Nitro-oleic acid targets transient receptor potential (TRP) channels in capsaicin sensitive afferent nerves of rat urinary bladder.Exp Neurol. 2011 Nov; 232(1):90-9.EN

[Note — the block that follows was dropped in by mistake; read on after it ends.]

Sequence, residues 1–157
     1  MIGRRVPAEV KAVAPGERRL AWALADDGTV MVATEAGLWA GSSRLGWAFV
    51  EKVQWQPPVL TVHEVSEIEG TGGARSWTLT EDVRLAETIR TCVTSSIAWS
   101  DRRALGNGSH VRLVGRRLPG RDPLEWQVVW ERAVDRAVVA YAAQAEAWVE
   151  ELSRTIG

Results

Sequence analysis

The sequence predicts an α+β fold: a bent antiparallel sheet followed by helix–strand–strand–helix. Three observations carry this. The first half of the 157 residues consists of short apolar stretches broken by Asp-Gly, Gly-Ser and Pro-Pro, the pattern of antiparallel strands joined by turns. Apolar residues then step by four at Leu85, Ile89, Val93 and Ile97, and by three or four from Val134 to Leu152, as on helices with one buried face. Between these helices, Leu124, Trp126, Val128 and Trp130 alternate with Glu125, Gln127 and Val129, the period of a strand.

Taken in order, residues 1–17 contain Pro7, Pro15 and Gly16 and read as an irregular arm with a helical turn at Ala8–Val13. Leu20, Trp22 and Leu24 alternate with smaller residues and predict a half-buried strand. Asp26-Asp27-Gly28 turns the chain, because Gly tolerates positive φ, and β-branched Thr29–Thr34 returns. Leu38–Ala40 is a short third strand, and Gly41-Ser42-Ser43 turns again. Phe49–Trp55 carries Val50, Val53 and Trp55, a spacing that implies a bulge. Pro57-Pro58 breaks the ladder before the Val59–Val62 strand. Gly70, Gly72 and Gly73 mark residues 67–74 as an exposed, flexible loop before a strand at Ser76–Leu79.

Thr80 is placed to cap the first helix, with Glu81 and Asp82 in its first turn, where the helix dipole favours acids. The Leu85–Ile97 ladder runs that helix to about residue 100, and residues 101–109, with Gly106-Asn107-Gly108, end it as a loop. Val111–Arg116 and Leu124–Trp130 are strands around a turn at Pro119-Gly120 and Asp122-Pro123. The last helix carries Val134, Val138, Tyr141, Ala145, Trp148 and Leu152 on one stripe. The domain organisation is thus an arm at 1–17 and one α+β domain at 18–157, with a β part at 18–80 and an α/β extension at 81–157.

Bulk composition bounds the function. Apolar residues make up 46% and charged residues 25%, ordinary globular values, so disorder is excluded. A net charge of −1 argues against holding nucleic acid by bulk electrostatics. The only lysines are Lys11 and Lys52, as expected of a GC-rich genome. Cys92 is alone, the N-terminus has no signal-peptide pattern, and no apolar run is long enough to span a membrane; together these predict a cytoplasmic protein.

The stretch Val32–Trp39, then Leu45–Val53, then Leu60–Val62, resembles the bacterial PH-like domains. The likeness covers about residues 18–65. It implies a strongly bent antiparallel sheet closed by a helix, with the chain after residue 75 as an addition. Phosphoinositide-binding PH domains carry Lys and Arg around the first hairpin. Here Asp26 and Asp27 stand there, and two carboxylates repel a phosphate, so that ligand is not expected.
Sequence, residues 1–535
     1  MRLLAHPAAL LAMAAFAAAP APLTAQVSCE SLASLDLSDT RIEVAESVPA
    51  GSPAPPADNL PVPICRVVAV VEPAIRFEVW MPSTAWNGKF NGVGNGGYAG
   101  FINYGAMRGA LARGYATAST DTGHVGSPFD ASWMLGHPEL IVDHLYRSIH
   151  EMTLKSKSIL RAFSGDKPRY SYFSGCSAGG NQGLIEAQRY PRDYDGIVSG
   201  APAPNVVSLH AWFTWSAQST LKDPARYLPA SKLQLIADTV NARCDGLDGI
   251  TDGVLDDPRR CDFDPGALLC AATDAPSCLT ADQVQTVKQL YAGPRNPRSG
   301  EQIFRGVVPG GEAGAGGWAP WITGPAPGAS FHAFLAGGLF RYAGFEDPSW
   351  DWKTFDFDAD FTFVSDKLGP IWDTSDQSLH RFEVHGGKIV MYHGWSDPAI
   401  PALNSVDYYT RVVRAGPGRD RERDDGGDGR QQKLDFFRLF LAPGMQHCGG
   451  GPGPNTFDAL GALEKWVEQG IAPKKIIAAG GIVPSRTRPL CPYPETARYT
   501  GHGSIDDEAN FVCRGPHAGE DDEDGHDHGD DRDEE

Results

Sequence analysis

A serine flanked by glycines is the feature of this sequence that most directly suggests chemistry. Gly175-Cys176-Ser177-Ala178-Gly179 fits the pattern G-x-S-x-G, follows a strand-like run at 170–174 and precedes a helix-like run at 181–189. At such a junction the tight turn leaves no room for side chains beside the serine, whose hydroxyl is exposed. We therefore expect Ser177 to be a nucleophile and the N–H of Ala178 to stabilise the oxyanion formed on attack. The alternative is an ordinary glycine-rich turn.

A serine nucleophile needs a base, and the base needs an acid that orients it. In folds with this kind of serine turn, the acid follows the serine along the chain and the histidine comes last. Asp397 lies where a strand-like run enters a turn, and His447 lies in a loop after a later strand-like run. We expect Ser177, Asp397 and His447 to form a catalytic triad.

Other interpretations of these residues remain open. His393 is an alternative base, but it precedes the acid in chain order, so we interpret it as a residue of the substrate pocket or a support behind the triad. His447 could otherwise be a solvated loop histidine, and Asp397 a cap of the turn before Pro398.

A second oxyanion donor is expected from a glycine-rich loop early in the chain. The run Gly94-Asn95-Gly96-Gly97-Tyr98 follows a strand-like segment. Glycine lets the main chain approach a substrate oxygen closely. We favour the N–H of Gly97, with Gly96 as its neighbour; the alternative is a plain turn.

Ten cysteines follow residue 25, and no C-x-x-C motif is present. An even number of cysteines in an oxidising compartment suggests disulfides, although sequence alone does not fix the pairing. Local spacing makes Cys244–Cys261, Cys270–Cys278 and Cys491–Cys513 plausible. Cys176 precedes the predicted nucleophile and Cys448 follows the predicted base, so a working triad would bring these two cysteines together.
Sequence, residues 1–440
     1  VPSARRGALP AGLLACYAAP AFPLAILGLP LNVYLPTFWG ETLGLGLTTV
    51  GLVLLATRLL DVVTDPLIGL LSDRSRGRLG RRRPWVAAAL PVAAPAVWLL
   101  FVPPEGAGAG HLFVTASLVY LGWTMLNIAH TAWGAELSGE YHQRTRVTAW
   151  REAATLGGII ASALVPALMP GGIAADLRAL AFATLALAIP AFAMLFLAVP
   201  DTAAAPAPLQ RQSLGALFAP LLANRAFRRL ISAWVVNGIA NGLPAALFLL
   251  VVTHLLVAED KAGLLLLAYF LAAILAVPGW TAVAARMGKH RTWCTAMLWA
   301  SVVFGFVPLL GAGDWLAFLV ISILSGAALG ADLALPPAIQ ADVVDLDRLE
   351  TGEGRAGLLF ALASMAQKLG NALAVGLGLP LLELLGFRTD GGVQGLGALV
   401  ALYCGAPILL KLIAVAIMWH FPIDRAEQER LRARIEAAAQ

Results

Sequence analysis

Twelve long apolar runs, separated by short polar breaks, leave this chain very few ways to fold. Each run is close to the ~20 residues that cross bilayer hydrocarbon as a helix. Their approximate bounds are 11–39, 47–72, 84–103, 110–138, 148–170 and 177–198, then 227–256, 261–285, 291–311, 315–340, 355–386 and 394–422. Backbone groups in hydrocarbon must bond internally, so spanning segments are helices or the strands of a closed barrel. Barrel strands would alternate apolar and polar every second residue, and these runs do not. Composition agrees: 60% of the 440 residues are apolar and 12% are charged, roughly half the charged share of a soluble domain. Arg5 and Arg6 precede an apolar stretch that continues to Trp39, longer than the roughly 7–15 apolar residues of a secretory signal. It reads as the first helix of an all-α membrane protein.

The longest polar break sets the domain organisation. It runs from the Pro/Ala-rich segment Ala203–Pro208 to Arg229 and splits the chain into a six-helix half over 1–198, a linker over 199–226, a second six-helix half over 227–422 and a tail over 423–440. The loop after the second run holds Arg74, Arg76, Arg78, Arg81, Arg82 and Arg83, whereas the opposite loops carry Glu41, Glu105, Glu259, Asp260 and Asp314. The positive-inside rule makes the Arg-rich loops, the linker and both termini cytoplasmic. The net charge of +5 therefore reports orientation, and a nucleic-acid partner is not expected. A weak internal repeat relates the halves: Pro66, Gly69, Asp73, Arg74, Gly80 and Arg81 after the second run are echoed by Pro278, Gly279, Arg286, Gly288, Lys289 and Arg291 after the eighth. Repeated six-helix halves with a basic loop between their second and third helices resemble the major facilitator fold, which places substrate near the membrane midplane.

Nitro-oleic acid (9- and 10-nitro-octadeca-9-enoic acid, OA-NO(2)) is an electrophilic fatty acid nitroalkene derivative that modulates gene transcription and protein function via post-translational protein modification. Nitro-fatty acids are generated from unsaturated fatty acids by oxidative inflammatory reactions and acidic conditions in the presence of nitric oxide or nitrite. Nitroalkenes react with nucleophiles such as cysteine and histidine in a variety of susceptible proteins including transient receptor potential (TRP) channels in sensory neurons of the dorsal root and nodose ganglia. The present study revealed that OA-NO(2) activates TRP channels on afferent nerve terminals in the urinary bladder and thereby increases bladder activity. The TRPV1 agonist capsaicin (CAPS, 1 μM) and the TRPA1 agonist allyl isothiocyanate (AITC, 30 μM), elicited excitatory effects in bladder strips, increasing basal tone and amplitude of phasic bladder contractions (PBC). OA-NO(2) mimicked these effects in a concentration-dependent manner (1 μM-33 μM). The TRPA1 antagonist HC3-030031 (HC3, 30 μM) and the TRPV1 antagonist diaryl piperazine analog (DPA, 1 μM), reduced the effect of OA-NO(2) on phasic contraction amplitude and baseline tone. However, the non-selective TRP channel blocker, ruthenium red (30 μM) was a more effective inhibitor, reducing the effects of OA-NO(2) on basal tone by 75% and the effects on phasic amplitude by 85%. In bladder strips from CAPS-treated rats, the effect of OA-NO(2) on phasic contraction amplitude was reduced by 65% and the effect on basal tone was reduced by 60%. Pretreatment of bladder strips with a combination of neurokinin receptor antagonists (NK1 selective antagonist, CP 96345; NK2 selective antagonist, MEN 10,376; NK3 selective antagonist, SB 234,375, 1 μM each) reduced the effect of OA-NO(2) on basal tone, but not phasic contraction amplitude. These results indicate that nitroalkene fatty acid derivatives can activate TRP channels on CAPS-sensitive afferent nerve terminals, leading to increased bladder contractile activity. Nitrated fatty acids produced endogenously by the combination of fatty acids and oxides of nitrogen released from the urothelium and/or afferent nerves may play a role in modulating bladder activity.